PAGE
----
Jamie (to Erik): So you can base it on the feeling of doubt?

    Erik: Yes. That’s the one emotion I can think about, because a lot of people get there, and then they say, “Well, I don’t REALLY want to die, but I really wanna piss off Christine. I want Christine to suffer, so I’m just gonna go ahead and do it.” But if they themselves have doubt, that’s called jumping the gun.

    Me: Wow. Did you have doubts seconds before?

    Erik: No. I tried before and I had doubts, but not this time.

    Oh, how I wish he had had strong doubts, enough to ease off the pressure on that trigger and come to me for help.

    Erik: And I can’t tell you how many people knock themselves off and think, “Holy shit. What the hell did I do that for? Dammit, now I just have to do this all over again!” Denise went through that.

    Me: That’s true. After she died, I channeled her through Kim O’Neill, and she was pissed at herself for committing suicide.

    Erik: Yep. Without fail, suicides come here feeling totally embarrassed, cuz they see how the earthly plane is just a freaking school play, and they were only playing a role.

    Me: It’s so hard to see the forest from the trees when your knee-deep in drama, though.

    Erik: Yeah, but all they do is add more drama in their wake. And they have to suffer along with the ones who are in grief. It’s not easy. But one day, humans will see death differently. They’ll see it for what it really is—a stage exit you go through after you play your part.

  • August26th2014

    27 Comments

    This repost is about respite. A break from the grief of losing someone we love. A break from being mired in daily struggle. A break from being human. This is the first time Erik spoke to me without the need of a question prompt. He spoke with solemn passion. How timely.

    Erik: You know, Mom, before you ask me a question, I want to talk to you about people who want to take their own life. In some cases, the stress, the grief, whatever builds up, it’s like a volcano. Only so much can build before it has to release. The lesson in each case is that there is perfection in imperfection.

    Me: Mm hm.

    (Long pause)

    Jamie: He’s pausing. Erik, I can see that.

    Me: What? Is he picking his nose?

    Jamie (sounding touched): No. His eyes are tearing up.

    Me: Oh, Sweetie. It’s okay.

    Jamie: He’s just kind of readjusting his gestures and how he’s sitting so that he’s really not squared off with me; we’re not looking at each other face to face.

    (Pause)

    Jamie (to Erik): But, you know, I can see that you’re adjusting. I can see. I can see.

    Erik: Well, it’s hard …

    (Pause)

    Jamie (to Erik, in a warm, motherly tone): Take a deep breath. You don’t always have to be the fast talker.

    Me: Yeah, Sweetie. Take your time.

    Jamie (with a soft chuckle): I don’t mind a pause.

    Erik: It just throws me right back into my human state of mind—right back into my body—and I haven’t shaken hands with those demons in a long time.

    Me: Yeah, I know.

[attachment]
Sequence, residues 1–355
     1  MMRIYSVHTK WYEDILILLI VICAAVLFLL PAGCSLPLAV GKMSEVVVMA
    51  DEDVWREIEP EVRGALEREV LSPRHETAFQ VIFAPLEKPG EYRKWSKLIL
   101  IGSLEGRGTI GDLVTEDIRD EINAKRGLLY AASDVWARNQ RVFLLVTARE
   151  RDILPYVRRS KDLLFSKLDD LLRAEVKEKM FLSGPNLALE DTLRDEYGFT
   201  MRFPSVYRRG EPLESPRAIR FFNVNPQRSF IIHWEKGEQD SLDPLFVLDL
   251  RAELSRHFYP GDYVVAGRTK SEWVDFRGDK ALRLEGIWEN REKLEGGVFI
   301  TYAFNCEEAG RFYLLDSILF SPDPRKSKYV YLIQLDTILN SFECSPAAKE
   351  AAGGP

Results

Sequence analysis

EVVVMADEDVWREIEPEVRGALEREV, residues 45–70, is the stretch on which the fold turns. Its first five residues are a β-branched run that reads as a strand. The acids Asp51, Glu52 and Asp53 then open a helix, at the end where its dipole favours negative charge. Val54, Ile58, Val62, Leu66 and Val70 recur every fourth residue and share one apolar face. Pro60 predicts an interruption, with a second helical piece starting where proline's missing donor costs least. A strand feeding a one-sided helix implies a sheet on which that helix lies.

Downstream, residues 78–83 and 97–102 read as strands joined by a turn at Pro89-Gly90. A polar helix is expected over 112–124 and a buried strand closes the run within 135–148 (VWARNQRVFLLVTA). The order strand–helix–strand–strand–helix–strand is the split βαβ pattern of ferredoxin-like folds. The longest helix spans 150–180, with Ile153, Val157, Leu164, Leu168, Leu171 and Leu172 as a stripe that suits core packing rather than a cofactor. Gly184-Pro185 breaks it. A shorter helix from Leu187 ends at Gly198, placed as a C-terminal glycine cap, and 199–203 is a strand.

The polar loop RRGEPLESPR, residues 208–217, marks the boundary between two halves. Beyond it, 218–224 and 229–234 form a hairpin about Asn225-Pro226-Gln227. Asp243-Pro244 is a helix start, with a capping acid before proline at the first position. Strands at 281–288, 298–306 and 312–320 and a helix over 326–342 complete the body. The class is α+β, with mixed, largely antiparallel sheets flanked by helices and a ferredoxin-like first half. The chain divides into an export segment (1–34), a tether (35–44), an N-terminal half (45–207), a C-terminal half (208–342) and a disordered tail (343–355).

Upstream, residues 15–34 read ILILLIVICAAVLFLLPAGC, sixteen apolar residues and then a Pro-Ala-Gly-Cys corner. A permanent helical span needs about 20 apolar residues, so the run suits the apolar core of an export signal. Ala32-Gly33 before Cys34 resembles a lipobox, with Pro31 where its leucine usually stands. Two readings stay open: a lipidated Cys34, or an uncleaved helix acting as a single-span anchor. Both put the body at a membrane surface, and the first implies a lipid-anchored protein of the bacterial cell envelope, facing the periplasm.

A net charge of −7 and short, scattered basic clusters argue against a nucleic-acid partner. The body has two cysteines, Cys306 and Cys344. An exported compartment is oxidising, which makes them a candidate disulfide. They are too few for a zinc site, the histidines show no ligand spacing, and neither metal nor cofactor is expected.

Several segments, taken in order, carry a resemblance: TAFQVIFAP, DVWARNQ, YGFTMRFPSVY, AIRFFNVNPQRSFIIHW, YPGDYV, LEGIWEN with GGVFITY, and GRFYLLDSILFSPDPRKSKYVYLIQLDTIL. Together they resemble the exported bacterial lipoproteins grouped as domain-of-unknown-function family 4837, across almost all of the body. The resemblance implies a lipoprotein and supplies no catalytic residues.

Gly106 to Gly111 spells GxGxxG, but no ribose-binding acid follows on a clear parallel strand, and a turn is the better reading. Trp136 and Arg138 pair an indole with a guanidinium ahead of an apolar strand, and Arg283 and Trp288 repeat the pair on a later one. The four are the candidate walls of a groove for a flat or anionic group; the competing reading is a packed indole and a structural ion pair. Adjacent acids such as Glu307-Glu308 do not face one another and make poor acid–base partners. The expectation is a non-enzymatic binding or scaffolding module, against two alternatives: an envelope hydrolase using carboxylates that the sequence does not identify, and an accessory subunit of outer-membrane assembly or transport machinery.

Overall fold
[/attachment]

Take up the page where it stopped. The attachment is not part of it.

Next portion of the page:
Erik: And I’m happy not to shake hands with them anymore, but when you’re human, you think you have the power to override them—the internal thoughts, those crazy horses in your head that just run with ideas and thoughts that actually hold no truth. But because the thoughts are so heavy, they feel incredibly real, and we start to validate them as real and they’re not. It’s within this slice of anxiety, madness, grief, this really imbalanced state of mind and heart—that’s the imperfection that makes us perfect.

    Me: Not sure if I understand, but…

    Erik: In so many people who want to take their life, it’s just about getting out of the body, not an act or a willingness to die. It might be nice, ya know? First hand, I kinda know that experience.

    Me (solemnly): Yeah.

    Erik: A lot of times those people might be worried that they couldn’t do everything they wanted or needed to do, desired to. But then right before, they get this peace and calm, knowing that everything is going to be all right. All of a sudden, they know it’s all going to be okay. Really at that moment, they already left the body.

    Me: Oh!

    Erik: A lot of people I see that are headed toward the answers, committing suicide, attempting suicide, ending their life, they just need out of their body just for a certain moment. A lot of times they do that before they get a chance to follow through, and then they back down.

    Me: They just need a rest. A rest from being human.

    Erik: Yeah. And when people struggle to that point, like I said, many times it’s about the perfection of imperfection.

    Me: What do you mean by that? I just don’t understand.

    (Pause)

    Erik: Our perfectness is composed of a huge percentage of things that just aren’t’ right.

    Jamie (giggling): He kind of puts that in air quotes.

    Erik: I know there’s no right or wrong—there just “is”, but as humans, the brain has a hell of a hard time relaxing in that state of mind. It’s almost like we enjoy struggle more than we enjoy peace. And all of humanity has to learn this lesson for us to achieve it—to make it a natural state of being. Peace. That’s what our generations to come might experience, but for now, we’re still in a natural state of being in struggle. Our natural state of being as a human is based on being in a constant struggle. Even when you’re calm, you’re thinking, “How long is this going to last?” “When I get out of this, then I have to face that shit, and then I have to manage that crap over there.” You know, it’s still all fucked up, but you’re going to have these pockets of peace. We’re getting through all of this as humanity. Everyone has to learn to turn the dial on the emotional, mental, spiritual level from chaos and struggle to peace and calm. Until we do that, you know, we’re all attached to each other—we’re all antennas. And we can get those incredibly enlightened people, loving people, people who are aware, and their antenna inside their body just starts to pick up all the struggle and the chaos. And they don’t want it. Just like you, Mom. And some of those people just want a break from being human. But this whole media, vulnerability, kind of openness that you and I have gone through—it was done in a way to save other people but not you. And I know you’ll come soon enough and see how you can save yourself. And how you do that will not stop the openness, the storytelling, because we—